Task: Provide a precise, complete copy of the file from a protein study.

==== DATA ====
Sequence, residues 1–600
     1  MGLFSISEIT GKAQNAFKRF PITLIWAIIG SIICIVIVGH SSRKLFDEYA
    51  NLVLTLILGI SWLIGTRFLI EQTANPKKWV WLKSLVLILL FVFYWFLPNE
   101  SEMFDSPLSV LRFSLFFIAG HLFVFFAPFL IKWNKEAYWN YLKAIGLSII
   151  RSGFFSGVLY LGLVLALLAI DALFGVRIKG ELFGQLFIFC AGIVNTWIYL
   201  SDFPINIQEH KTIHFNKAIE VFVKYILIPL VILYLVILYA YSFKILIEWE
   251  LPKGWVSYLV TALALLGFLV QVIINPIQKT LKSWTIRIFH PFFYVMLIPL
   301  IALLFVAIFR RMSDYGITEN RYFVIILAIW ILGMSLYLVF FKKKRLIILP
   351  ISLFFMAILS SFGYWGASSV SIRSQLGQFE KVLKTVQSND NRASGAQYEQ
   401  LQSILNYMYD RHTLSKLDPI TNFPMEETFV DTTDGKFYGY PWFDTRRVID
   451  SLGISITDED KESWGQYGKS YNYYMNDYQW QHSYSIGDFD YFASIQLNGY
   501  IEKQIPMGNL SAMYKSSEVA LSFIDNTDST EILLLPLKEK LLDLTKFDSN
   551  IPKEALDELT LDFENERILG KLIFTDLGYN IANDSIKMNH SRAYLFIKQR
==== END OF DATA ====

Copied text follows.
Sequence, residues 1–600
     1  MGLFSISEIT GKAQNAFKRF PITLIWAIIG SIICIVIVGH SSRKLFDEYA
    51  NLVLTLILGI SWLIGTRFLI EQTANPKKWV WLKSLVLILL FVFYWFLPNE
   101  SEMFDSPLSV LRFSLFFIAG HLFVFFAPFL IKWNKEAYWN YLKAIGLSII
   151  RSGFFSGVLY LGLVLALLAI DALFGVRIKG ELFGQLFIFC AGIVNTWIYL
   201  SDFPINIQEH KTIHFNKAIE VFVKYILIPL VILYLVILYA YSFKILIEWE
   251  LPKGWVSYLV TALALLGFLV QVIINPIQKT LKSWTIRIFH PFFYVMLIPL
   301  IALLFVAIFR RMSDYGITEN RYFVIILAIW ILGMSLYLVF FKKKRLIILP
   351  ISLFFMAILS SFGYWGASSV SIRSQLGQFE KVLKTVQSND NRASGAQYEQ
   401  LQSILNYMYD RHTLSKLDPI TNFPMEETFV DTTDGKFYGY PWFDTRRVID
   451  SLGISITDED KESWGQYGKS YNYYMNDYQW QHSYSIGDFD YFASIQLNGY
   501  IEKQIPMGNL SAMYKSSEVA LSFIDNTDST EILLLPLKEK LLDLTKFDSN
   551  IPKEALDELT LDFENERILG KLIFTDLGYN IANDSIKMNH SRAYLFIKQR